‘Conviction Cave to receive visitors in a year’s time’


KUCHING: Newly discovered ‘Conviction Cave’ at the Gunung Mulu National Park is expected to receive visitors in a year’s time after the state Forest Department has completed its studies.

According to Tourism Minister Datuk Amar Abang Johari Tun Openg, one of the issues that had to be addressed was the narrow entry – a vertical shaft that goes down 100m and a 1km passage – that leads to the main chamber. Experienced guides would have to be commissioned if visitors planned to explore the cave.

“The Forest Department is currently carrying out a study on the Conviction Cave. Once finished, the cave will be open to the public. We expect the study to be completed in one year.

“The entrance is quite narrow. We have to provide a guide from the main cave going to that cave. Visitors would also need to acquire an experienced guide to explore the cave. The cave network goes all the way to Gunung Buda Range in Limbang,” he told a press conference after chairing the State Tourism Steering Committee annual meeting here yesterday.

The media conference was used to announce the state government’s plan to boost its tourism sector in the next five years and beyond.

The Conviction Cave was discovered by a famed British subterranean explorer Andy Eavis, who took 24 expeditions since 1977, to make the find. The cave is estimated to be at least six million years old and early indication shows the cave could be one of the 15 largest in the world.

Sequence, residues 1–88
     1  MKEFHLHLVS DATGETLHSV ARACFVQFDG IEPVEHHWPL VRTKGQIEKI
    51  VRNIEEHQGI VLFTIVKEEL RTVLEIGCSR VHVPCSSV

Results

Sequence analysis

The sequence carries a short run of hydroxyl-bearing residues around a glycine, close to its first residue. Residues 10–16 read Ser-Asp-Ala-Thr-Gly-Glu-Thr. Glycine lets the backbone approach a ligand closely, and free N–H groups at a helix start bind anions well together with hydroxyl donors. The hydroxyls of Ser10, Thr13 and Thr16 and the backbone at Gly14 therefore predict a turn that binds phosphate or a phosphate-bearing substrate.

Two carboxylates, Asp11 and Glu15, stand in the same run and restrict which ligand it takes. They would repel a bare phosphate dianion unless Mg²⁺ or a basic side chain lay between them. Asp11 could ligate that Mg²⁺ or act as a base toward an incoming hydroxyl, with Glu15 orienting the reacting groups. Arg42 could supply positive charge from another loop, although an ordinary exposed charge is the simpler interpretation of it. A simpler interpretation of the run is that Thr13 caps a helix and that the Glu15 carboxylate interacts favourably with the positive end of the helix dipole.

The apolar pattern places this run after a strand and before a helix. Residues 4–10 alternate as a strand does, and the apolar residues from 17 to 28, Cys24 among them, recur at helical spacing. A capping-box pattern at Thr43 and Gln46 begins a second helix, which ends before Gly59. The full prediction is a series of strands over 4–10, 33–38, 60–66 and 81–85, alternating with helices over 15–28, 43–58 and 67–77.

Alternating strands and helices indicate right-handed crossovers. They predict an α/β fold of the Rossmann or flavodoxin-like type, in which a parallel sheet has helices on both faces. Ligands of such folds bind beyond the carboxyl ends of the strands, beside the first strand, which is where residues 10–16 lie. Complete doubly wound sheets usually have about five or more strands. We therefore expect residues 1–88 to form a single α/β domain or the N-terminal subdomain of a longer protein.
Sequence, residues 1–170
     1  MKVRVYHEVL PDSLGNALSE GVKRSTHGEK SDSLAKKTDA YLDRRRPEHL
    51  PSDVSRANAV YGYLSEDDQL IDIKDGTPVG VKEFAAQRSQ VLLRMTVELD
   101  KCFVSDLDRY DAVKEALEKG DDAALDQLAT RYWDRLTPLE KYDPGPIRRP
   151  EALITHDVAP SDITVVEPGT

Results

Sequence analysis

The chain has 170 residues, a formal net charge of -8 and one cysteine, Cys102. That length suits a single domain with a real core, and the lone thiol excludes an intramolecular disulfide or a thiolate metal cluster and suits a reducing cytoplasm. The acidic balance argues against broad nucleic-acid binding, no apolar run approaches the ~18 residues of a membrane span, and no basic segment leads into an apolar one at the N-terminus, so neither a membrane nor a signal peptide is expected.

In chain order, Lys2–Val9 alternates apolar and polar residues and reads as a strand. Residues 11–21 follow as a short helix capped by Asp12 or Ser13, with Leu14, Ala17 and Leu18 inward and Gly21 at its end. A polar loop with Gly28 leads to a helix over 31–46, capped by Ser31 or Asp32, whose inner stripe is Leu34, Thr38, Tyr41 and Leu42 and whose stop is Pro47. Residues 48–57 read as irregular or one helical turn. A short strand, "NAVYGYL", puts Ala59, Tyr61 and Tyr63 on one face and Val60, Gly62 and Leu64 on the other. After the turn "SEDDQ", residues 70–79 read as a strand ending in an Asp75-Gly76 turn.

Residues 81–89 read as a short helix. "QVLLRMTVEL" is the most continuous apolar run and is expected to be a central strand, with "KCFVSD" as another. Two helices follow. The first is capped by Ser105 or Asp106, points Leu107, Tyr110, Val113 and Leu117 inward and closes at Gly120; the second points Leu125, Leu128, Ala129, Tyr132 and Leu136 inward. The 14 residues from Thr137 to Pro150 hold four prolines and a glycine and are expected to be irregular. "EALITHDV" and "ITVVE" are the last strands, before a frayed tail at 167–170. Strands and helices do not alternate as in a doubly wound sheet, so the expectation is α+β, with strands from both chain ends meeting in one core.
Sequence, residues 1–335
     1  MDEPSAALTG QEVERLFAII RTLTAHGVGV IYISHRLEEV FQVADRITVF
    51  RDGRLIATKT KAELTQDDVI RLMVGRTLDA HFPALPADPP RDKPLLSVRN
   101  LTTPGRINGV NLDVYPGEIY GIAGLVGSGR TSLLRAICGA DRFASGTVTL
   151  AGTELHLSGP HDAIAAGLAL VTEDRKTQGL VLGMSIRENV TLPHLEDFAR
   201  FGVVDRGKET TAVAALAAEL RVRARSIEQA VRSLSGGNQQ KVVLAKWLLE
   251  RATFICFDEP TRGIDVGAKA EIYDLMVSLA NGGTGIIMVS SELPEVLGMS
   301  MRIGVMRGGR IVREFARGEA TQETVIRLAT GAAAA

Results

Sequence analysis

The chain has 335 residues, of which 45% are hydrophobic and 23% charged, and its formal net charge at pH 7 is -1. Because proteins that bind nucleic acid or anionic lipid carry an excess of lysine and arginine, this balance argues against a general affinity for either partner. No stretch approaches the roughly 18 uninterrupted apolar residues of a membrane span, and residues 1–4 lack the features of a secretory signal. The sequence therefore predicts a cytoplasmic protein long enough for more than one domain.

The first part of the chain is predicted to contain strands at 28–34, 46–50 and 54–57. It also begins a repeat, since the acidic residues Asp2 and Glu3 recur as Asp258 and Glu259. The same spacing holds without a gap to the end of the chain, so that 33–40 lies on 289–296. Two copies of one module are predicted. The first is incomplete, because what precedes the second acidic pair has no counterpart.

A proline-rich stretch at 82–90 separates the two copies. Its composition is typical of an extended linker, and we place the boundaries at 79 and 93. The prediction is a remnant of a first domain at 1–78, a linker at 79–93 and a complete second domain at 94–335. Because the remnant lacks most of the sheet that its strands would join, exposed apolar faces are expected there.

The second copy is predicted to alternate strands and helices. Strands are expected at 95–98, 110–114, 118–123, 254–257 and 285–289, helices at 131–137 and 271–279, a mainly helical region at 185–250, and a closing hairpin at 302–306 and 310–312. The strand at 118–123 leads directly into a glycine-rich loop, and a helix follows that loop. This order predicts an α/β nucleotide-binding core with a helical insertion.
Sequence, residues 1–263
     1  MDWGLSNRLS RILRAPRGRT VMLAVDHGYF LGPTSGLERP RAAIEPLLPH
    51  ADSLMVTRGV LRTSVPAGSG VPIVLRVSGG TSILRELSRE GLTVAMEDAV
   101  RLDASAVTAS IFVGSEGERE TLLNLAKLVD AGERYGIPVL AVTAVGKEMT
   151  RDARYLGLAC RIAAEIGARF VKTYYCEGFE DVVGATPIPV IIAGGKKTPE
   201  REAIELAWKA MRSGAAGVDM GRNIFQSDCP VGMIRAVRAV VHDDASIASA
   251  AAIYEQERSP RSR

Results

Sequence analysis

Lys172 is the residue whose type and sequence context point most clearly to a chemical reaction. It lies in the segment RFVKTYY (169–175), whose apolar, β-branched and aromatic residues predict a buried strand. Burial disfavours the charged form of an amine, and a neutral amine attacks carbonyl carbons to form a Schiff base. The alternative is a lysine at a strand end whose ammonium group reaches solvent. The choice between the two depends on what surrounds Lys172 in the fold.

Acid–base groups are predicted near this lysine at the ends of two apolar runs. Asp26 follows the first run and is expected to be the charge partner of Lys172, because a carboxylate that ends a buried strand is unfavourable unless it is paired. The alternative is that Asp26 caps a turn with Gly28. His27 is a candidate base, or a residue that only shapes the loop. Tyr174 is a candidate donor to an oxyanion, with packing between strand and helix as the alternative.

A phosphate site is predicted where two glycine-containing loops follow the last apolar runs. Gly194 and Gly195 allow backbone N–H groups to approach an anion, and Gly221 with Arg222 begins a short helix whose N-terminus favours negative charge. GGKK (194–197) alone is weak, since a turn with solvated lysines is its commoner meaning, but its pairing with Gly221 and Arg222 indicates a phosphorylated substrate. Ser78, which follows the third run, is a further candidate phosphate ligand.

Located just 15km from the Gunung Mulu National Park headquarters, the cave’s entrance is a hole on the ground – just large enough for a human – within an area called ‘The Hidden Valley’.

On another note, Abang Johari said that plans were afoot to establish a Wallace Centre in Santubong. He suggested that the Wallace’s bungalow would be repaired and upgraded for the purpose.

Naturalist and explorer Alfred Russell Wallace is famed for the collection of specimens including the Simunjan Butterfly that is on display at the Natural History Museum in Britain.

“The centre would be linked with the Darwin Centre (of the famed English naturalist and geologist Charles Darwin) in London, which would also link the Simunjan Butterfly as well as the evolution theory of natural selection. The Wallace Centre will become another avenue for Sarawak to attract researchers and scientists,” Abang Johari said.

Touching on the upgrade of heritage sites, he said a walkway project, costing RM5 million, was underway to connect Fort Margherita, with Kuching Waterfront. Other projects would include the beautification of the surrounding areas and the building of a cascading waterfall to be fitted with lighting system.

Abang Johari said the walkway would connect Pengkalan Sapi with the S-bridge at Pengkalan Batu.

Assistant Tourism Minister Datuk Talib Zulpilip, Assistant Minister of Culture and Heritage Liwan Lagang and permanent secretary to the Tourism Ministry Datu Ik Pahon Joyik were also present at the press conference.